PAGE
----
The Value of Social Media – ForumOne’s Interview with Aaron

Earlier this week, my friend, Bill Johston at ForumOne Communications was kind enough to interview me for an article on their Online Community Summit Report. The interview is cross-posted below.

At the end of the day, companies will enjoy the greatest success when they are coordinating all of their efforts and driving their customers to their online communities and/or social outposts…

What should the role of social media be in a company’s marketing mix?
I like how you worded your question. It implies that social media SHOULD be in a company’s marketing mix vs. being a standalone solution. At the end of the day, companies will enjoy the greatest success when they are coordinating all of their efforts and driving their customers to their online communities and/or social outposts on places like LinkedIn and Facebook. In those places, customers and prospects alike can interact with a company’s employees, talk to one another, interact with content that company has created to provide a learning experience and ultimately, feel more a part of the company’s brand.

How would you differentiate between social media and online community?
Social media in its truest form is really any content – text, video or audio – that allows people to comment on, discuss or interact with. The most common examples of social media in my mind are blogs, Twitter, podcasts, and video sites like Youtube. Online community requires both content, tools like forums, ratings/reviews, tagging AND social profiles. It’s the latter that creates “community” because members are able to connect to one another moving from a “what you know” to a “who you know” model.

There has been a lot of noise recently about the “death of corporate blogging”. What is your take, are corporate blogs still important? What makes a successful corporate blog?
Corporate blogs are far from dead. In fact, I think they are just getting started. However, you are correct when you mention that corporate blogs are getting a bad rap. There was a recent Forrester report by Josh Bernoff that stated that only 16% of Americans trust corporate blogs. To be honest, I’m surprised that number is as high as it is. Many of the corporate blogs I’ve browsed are not that good. Most are very inward focused and only want to talk about how great the company is or how great it’s employees are. Unfortunately, this isn’t what its readers want. They are looking for value, insights and a way to better connect with the brand. Until companies can better deliver on that promise, corporate blogs will continue to struggle.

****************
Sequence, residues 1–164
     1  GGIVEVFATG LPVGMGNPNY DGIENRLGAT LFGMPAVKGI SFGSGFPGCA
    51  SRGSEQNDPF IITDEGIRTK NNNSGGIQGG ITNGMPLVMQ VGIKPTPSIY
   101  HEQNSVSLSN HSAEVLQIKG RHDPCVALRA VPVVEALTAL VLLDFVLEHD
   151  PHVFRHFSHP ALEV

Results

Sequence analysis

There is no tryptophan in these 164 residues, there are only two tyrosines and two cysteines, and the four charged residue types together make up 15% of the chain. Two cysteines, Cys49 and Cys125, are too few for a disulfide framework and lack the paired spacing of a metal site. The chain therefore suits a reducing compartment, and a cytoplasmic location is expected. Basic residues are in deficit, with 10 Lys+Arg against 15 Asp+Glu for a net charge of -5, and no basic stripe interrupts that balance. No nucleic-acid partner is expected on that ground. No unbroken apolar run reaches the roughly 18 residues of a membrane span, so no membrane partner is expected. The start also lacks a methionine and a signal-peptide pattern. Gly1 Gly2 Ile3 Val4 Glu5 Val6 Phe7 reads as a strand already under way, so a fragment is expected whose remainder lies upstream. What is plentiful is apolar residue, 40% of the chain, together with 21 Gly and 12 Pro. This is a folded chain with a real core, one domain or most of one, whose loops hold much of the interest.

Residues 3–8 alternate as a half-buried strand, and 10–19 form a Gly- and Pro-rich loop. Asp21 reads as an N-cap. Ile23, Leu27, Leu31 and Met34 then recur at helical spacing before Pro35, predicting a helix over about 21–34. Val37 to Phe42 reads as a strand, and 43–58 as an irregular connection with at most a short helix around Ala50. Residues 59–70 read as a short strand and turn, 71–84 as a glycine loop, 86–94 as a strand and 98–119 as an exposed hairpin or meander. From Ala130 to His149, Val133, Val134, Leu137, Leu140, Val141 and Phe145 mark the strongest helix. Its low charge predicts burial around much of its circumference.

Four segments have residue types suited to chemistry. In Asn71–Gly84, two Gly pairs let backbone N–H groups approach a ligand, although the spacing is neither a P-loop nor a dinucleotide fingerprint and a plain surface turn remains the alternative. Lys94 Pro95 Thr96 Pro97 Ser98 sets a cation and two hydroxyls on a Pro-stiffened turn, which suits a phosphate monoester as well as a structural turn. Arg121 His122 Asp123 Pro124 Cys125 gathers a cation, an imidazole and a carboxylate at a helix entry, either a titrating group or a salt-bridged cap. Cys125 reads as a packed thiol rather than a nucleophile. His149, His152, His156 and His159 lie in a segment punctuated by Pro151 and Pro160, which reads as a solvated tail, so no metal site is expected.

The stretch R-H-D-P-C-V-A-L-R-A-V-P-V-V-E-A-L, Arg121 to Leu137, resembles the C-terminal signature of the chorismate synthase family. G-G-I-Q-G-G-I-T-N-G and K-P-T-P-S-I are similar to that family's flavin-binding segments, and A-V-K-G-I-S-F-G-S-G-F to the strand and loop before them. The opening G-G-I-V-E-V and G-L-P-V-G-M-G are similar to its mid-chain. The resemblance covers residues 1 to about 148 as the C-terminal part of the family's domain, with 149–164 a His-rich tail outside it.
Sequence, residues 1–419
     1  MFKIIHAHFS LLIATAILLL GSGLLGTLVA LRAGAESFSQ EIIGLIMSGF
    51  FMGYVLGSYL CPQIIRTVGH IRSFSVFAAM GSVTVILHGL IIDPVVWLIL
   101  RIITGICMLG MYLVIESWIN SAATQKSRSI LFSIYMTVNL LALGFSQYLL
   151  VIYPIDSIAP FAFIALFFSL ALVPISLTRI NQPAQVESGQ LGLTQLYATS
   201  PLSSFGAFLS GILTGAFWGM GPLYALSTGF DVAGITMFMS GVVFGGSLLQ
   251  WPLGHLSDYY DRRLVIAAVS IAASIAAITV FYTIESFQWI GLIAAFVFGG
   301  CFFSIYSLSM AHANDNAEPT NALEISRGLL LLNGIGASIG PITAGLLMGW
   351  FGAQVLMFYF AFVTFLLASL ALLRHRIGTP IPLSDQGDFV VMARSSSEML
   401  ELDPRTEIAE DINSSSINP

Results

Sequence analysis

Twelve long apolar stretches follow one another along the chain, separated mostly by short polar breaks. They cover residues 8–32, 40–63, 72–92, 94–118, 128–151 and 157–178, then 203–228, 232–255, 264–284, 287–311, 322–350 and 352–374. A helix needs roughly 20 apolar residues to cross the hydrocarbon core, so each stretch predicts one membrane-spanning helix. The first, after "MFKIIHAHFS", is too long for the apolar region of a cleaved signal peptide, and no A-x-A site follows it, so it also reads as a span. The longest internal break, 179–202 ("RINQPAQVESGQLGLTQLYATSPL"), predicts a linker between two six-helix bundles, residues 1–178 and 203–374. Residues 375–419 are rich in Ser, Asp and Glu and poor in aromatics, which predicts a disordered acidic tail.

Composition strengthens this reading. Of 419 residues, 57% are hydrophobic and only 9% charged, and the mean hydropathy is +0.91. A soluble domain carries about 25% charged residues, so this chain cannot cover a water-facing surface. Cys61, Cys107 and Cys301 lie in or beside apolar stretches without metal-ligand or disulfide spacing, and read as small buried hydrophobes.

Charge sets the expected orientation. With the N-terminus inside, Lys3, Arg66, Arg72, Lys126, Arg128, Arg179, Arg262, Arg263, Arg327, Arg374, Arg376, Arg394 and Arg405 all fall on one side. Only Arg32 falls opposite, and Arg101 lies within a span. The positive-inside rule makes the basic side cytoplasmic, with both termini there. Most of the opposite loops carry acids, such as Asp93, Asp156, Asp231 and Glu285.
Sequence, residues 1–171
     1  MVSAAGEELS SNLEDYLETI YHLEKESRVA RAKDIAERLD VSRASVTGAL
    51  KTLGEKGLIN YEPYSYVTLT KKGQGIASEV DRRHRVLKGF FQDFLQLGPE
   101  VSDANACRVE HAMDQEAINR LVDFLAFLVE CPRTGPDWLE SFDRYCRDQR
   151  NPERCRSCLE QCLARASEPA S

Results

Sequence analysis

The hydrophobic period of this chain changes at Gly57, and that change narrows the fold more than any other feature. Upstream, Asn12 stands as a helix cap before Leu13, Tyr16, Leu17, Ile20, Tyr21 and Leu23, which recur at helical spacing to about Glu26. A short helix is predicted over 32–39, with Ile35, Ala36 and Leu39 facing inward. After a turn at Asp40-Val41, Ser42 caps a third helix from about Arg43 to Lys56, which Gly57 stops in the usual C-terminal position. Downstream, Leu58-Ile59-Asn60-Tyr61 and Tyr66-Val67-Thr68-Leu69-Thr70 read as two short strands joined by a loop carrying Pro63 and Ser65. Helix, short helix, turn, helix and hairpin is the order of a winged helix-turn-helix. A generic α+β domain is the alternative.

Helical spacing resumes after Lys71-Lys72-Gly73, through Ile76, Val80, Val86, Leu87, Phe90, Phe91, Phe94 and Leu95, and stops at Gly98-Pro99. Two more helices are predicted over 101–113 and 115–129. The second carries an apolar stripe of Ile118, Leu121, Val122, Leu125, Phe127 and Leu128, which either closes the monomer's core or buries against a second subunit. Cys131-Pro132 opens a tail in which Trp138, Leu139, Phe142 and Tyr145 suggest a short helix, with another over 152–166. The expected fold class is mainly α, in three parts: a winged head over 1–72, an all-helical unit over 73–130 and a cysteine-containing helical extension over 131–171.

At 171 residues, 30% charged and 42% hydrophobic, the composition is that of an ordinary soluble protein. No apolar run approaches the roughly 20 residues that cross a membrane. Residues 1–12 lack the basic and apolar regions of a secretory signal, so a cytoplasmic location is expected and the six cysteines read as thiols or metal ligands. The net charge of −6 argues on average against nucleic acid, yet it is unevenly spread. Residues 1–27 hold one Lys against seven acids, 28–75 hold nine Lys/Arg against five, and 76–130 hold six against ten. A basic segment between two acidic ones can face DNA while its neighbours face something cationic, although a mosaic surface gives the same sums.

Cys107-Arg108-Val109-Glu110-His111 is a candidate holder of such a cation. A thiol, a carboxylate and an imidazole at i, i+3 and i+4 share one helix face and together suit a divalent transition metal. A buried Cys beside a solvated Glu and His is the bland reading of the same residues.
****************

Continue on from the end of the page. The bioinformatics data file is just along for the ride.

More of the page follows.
I (and others) have commented on your expert use of twitter. What do you feel the core values of twitter are to a business, and what advice would you have for burgeoning twitter users?
Let me start by saying that you are too kind. I’ve been at the “Twitter” thing for a while now and I’ve learned a lot over that time. For one, it’s very important to be authentic. People appreciate other folks that are comfortable in their own skin. Even more important is understanding the value of “give before you get.” This is probably the hardest one for anyone to abide by. That’s mainly because when Twitter asks, “What are you doing,” it feels like you should talk about yourself. WRONG. Talk about other smart people you’re meeting. Point to good articles or blog posts. Comment on how funny someone’s last tweet was. At the end of the day, if you do those things, the benefits will come back to you in spades.

If you would like to hear more from Aaron, as well as Rob Harles of Sears Holdings and Kate Neiderhoffer of the Dachis Group (formerly with Nielsen) and me, join us for Building a Business Case for Social Marketing“, which will be held live on Wednesday, January 28th, at 2:00 PM. We will discuss real-world experiences in managing online communities and provide practical advice on how to build an effective business case and overall strategy for social marketing and community initiatives.

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2 Responses

  1. Aaron, great points again, and looking forward to the webinar next week (was this rescheduled from last Wednesday- 2 days ago?)
    Bill- look forward to catching up…

  2. I the efforts you have put in this, thanks for all the great articles.

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